Thursday, September 30, 2010

2010: The Year of the Cheeky Conservatives

Punchy.  Cheeky.  Sassy.  Saucy.  Fearless.  This ain't your grandfather's conservative movement.

If the Tea Party Movement has done one thing right (and I think it has done far more than one right thing), it has been to inject some adrenaline into the dehydrated veins of demoralized conservatives.  Remember how horrible it felt to wake up on Wednesday, November 5, 2008 and look about and wonder if we were heading — with the landslide win for the most liberal brand of Dems — toward that sort of limp-wristed, soft-underbellied slide into Western European-style socialism and whether we would have something as unique as the idea of America by the end of 2012?  Well, I do.  I awoke that morning at 4 AM and wrote a fable — an allegory, really — about our willful abandonment of all things rugged and wild and free called "Whosoever Treasures Freedom."  Well, I thought, that was a nice ride while it lasted.  And I was depressed — or, at least, depressed for me, which is still far too ebullient and gay for my husband's taste most of the time.

Then, 2009 got into full swing and — wonder of wonders! — the party of "Hell No!" arose.  Regular American people were jolted out of their slumber to gather together in defiance of this squishy slide.  The moral core of America fought back — not with rifles or bayonets or violence of any kind, but with feet planted firmly in the ground, arms crossed, eyes steely with resolve, saying, "Not on our watch.  Not to our children and grandchildren.  We don't want it.  We don't need it.  We can't afford it.  Stop it."

Now, with the amazing tools of things like blogs and Twitter and YouTube, conservatives are getting quite creative and ever more amusing.  Things like Tim Hawkins's The Government Can and Steven Crowder's I GotsA Peace Prize were only the beginning.  Now, with this catalyst of an election just around the corner, conservative causes are releasing sharp, focused and hilarious videos almost daily.  I came across this gem today:

(Backstory:  Rep. Alan Grayson (FL8-D) is thoroughly reprehensible.  Scummy, dirty, douchebaggery does not even begin to do justice to his absolute loathsomeness, but it is a good start.   He recently approved of a vile, repulsive concoction of lies and misrepresentations in the shape of a campaign ad about his opponent, Daniel Webster.  Perhaps most appalling and despicable is that he took cuts of Mr. Webster's speaking at a church function about marriage completely out of context — contriving to make Mr. Webster appear like a misogynist neanderthal and one who is completely obsessed by biblical exhortations of wifely submission — and ends the ad with the outrageous labeling of his Republican opponent as "Taliban Dan."  For the ad itself and the unedited video of Mr. Webster's speech, I direct you to Freedom's Lighthouse (my favorite source for all must-see videos and the latest polling information).  Mr. Grayson has been unapologetic when confronted with his malignant malfeasance, saying "in context, out of context, whatever.")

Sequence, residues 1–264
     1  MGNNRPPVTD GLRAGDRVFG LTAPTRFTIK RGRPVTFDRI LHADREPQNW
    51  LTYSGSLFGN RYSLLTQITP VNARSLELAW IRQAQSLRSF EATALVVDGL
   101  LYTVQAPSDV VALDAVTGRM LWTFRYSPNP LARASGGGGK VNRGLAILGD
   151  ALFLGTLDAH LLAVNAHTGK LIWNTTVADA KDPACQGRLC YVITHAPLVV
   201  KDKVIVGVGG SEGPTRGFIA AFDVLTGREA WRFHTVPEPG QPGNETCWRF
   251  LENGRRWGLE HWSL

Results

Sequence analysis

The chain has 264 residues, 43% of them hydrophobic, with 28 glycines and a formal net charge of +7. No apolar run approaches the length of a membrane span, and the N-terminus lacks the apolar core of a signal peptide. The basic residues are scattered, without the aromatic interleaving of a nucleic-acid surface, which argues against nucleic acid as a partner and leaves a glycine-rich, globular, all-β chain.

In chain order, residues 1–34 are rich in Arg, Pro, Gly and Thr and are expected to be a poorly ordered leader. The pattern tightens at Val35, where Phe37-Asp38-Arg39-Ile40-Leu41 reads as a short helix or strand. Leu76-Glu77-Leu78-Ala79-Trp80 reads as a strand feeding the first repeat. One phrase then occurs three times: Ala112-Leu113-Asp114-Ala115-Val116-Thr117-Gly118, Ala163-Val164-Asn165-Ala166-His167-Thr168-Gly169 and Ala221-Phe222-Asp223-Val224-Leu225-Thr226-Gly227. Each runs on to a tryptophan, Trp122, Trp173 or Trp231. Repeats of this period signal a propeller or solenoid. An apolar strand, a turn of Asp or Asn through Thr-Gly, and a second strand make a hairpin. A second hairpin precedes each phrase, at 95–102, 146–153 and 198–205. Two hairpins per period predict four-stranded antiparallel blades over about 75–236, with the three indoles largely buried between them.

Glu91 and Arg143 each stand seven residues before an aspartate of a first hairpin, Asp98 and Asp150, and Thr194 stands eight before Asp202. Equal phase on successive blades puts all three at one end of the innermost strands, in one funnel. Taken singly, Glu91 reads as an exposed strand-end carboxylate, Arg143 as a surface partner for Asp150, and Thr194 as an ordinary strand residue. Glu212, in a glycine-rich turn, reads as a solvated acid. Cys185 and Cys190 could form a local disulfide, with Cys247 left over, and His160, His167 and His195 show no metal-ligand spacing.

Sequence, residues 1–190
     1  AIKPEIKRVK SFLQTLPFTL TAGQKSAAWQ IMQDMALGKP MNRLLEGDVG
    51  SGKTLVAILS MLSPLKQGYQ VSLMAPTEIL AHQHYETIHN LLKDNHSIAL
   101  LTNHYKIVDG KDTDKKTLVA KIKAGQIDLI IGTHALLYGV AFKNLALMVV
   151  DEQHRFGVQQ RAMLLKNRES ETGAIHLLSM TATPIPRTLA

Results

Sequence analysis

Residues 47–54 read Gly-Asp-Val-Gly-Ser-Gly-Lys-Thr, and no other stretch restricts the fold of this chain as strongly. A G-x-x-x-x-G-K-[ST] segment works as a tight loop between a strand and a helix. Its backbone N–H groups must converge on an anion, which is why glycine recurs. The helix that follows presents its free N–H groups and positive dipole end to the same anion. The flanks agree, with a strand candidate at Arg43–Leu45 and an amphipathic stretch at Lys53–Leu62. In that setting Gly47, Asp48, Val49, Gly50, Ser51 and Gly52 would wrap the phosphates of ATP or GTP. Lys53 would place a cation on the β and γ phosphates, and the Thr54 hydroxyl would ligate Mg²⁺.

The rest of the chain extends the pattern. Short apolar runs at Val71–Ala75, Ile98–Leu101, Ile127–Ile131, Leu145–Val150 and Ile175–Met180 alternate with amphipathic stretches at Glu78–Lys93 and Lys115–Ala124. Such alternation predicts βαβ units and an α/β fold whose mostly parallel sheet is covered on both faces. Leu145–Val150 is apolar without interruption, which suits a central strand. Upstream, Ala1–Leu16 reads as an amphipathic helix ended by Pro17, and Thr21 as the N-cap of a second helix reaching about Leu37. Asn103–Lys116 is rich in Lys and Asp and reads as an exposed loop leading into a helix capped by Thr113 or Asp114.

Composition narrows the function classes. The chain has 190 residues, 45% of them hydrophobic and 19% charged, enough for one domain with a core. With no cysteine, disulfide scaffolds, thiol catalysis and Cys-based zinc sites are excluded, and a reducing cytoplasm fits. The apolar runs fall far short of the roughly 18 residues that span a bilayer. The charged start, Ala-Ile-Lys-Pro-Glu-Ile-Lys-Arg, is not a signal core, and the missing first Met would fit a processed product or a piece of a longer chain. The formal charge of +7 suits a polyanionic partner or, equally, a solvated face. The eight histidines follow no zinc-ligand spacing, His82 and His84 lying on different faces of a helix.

Well, Townhall released today a brilliant, biting, spot-on send-up of this Alan Grayson kerfuffle.  The ending is priceless!  Enjoy!

I think that this new, confident, bold and ballsy, in-your-face face of conservatism is largely due to one former governor of Alaska who was the first one to call out now-President Obama for being, essentially, a very silly person.  Most of the pundits and all the politicians (including, for way too long, his opponent in the general election, Senator McCain) were intimidated by his resounding, pastor-like delivery of frothy, empty sentiment, by his exotic family history and upbringing, by his academic accomplishments and pretensions to intellectualism, and by the seeming aura of destiny that surrounded his campaign.  Add to that the understandable American aversion to anything that could be construed as racism, and Candidate Obama seemed untouchable.  Then, in September 2008, Sarah Palin delivered a barn-burner of a speech that actually dared to poke fun at this pretender, this shyster, this voice in a suit.  For this, she was excoriated by most of the media, and even a great portion of the country.  So much gall packed into one woman!  So much hatred focused on same.  The campaign to destroy her was immediate and unrelenting.  But it failed.  And, up from the ashes of November 5, Gov. Palin has become one of the strongest voices for the resurgent fun factor in conservatism.  The smiler with a knife, she continues on — bold in her message that silliness cannot hold sway in such a sensible country for long, and that Americans are now as they have always been: a people who, paradoxically, are far better and wiser as a whole than the officials they elect.

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